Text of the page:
logo


no avatar

Today in Johnson City History: March 12

Rebecca Henderson and Johnson City Press • Mar 12, 2020 at 3:45 AM

March 12, 1891: The Comet informed readers that “The Equinoctial will soon be here, and will, we hope, end the rain and mud. Lent has been observed more closely in Johnson City than ever before. People could not be gay for the mud.”

March 12, 1895: Dr. George H. Berry had declined the Democratic Party’s nomination for mayor of Johnson City.

March 12, 1908: The Comet reported that Johnson City Board of Education members had taken steps to put Johnson City school buildings in the best possible condition to prevent loss of life from fire. All entrance doors would be changed to open outward, additional exits would be provided when needed and some iron stairways would be installed.

March 12, 1930: Dr. E.L. Bishop, the state commissioner of health, had arrived in Johnson City to help investigate the mysterious illness that was causing partial or complete paralysis in the lower limbs of its victims. Physicians continued to quarantine those patients, as well as caution that there was no need for alarm. It was not known if the illness was contagious, but it was not believed to be.

March 12, 1938: The headline on the Johnson City Chronicle was big and bold, reporting that “Austria Bows to Nazis.”

March 12, 1938: The U.S. Post Office moved from its 1911 Ashe Street building into the new federal building on East Main Street. 

March 12, 1941: The Johnson City Press carried news that special services would be held in all churches in Johnson City on Sunday, March 23, “in cooperation with the local Bundles for Britain chapter, which is sending aid to England war sufferers” In addition, offerings taken that Sunday would be donated to the local Bundles for Britain chapter. Many women in Johnson City were knitting clothing for the British.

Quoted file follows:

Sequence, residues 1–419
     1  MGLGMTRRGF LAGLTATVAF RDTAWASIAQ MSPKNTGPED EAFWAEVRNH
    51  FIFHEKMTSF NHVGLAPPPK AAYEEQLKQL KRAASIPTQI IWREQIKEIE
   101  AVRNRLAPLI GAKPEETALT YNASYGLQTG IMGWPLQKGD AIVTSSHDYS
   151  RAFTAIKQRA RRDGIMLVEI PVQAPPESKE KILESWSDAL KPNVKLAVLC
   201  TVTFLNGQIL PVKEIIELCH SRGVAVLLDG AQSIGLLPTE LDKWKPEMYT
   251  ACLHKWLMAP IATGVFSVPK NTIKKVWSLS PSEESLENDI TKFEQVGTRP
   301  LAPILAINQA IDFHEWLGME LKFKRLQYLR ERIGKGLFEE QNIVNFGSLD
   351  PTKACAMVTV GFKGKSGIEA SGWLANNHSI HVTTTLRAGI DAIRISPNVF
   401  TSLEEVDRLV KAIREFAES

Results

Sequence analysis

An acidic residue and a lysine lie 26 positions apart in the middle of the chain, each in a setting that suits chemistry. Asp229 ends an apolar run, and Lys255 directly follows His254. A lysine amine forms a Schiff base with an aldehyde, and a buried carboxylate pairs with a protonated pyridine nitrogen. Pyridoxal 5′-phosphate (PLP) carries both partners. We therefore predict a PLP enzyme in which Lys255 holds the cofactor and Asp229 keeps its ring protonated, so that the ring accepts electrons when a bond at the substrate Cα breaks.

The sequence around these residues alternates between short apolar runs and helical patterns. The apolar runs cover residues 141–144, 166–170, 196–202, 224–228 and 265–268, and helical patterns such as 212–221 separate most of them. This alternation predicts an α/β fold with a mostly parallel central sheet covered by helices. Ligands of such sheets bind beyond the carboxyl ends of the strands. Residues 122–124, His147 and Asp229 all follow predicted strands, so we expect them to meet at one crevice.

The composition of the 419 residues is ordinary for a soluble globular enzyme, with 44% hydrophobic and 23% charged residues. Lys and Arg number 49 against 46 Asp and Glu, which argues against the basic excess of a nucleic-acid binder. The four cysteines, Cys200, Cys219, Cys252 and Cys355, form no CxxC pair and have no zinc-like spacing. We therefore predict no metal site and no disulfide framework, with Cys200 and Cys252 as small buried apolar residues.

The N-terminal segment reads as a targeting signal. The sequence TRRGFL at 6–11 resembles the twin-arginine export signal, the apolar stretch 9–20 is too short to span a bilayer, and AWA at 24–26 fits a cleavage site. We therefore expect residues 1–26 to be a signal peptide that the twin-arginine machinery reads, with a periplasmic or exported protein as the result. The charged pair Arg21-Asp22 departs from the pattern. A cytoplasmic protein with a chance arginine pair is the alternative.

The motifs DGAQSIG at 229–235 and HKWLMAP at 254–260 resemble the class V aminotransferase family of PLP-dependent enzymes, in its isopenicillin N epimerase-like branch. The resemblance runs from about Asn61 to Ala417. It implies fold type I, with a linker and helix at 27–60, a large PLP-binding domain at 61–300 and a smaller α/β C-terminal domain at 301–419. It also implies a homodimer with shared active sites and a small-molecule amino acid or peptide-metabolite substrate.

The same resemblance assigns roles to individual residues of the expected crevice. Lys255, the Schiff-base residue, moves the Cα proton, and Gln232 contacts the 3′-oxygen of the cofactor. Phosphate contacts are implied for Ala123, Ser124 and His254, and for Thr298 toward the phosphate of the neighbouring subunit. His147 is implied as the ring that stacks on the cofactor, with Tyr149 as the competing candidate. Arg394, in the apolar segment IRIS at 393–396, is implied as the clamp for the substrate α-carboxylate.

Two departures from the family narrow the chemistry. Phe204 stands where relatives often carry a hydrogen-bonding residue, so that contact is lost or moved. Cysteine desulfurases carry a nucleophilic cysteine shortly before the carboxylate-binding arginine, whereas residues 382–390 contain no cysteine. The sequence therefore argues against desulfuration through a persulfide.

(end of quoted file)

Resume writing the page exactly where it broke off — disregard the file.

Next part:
March 12, 1947: Dr. Ben Lacy, president of Union Theological Seminary in Richmond, Virginia, had recently addressed the Johnson City Rotary Club. Dr. Lacy said, “The need today is for men, as well as youth, who will dedicate themselves to service, men of daring and discipline and devotion.”

March 12, 1950: The musical "On the Town" starring Gene Kelly, Frank Sinatra, Ann Miller and Betty Garrett was playing at the Sevier Theatre on Spring Street in downtown Johnson City. Garrett was known to 1970s TV audiences for her roles on “All in the Family” as the Bunkers’ neighbor, Irene Lorenzo, and “Laverne & Shirley” as Edna Babish. She died in 2011.

March 12, 1953: The Fourth Annual Farm Edition of the Johnson City Press-Chronicle was published. The annual Farmer’s Institute events would begin that evening at a buffet supper for agricultural leaders, as well as out-of-county visitors.

March 12, 1955: In the classified ads, the Johnson City Press-Chronicle carried an ad inviting children from 6 to 12 to “Write your ad in your own handwriting. Bring it to the Classified Department. It will appear for 3 days FREE!” The classifieds were for items the children wanted to buy, sell, swap, or even for items that had been lost. There was a limit of 15 words for the ads.

March 12, 1961: The Johnson City Press-Chronicle that the day before, the Johnson City Fire Department had only answered one call, but it was not to put out a fire. “Company No. 4 went to 214 E. Holston Ave. at about 9 p.m. yesterday to get a cat out of a tree. Owner of the cat was unknown.”

March 12, 1963: New offices had recently been installed in the Women’s Auxiliary in the Washington, Carter and Unicoi County Medical Society. Mrs. Dillard Sholes was the new president, and Mrs. William Wiley was the vice-president.

March 12, 1977: Hilltoppers Gary Carter and Walter Bradley were named to the All-Big Nine Conference Basketball Team.

March 12, 2012: Construction had begun on Science Hill High School’s new $3.7 million football stadium, now known as Kermit Tipton Stadium.

Sources: Johnson City Chronicle; “History of Johnson City and its Environs” by Samuel Cole Williams; Johnson City Press; Johnson City Press-Chronicle; Ted Bowers/Johnson City, Tennessee, Memories

Johnson City Press Videos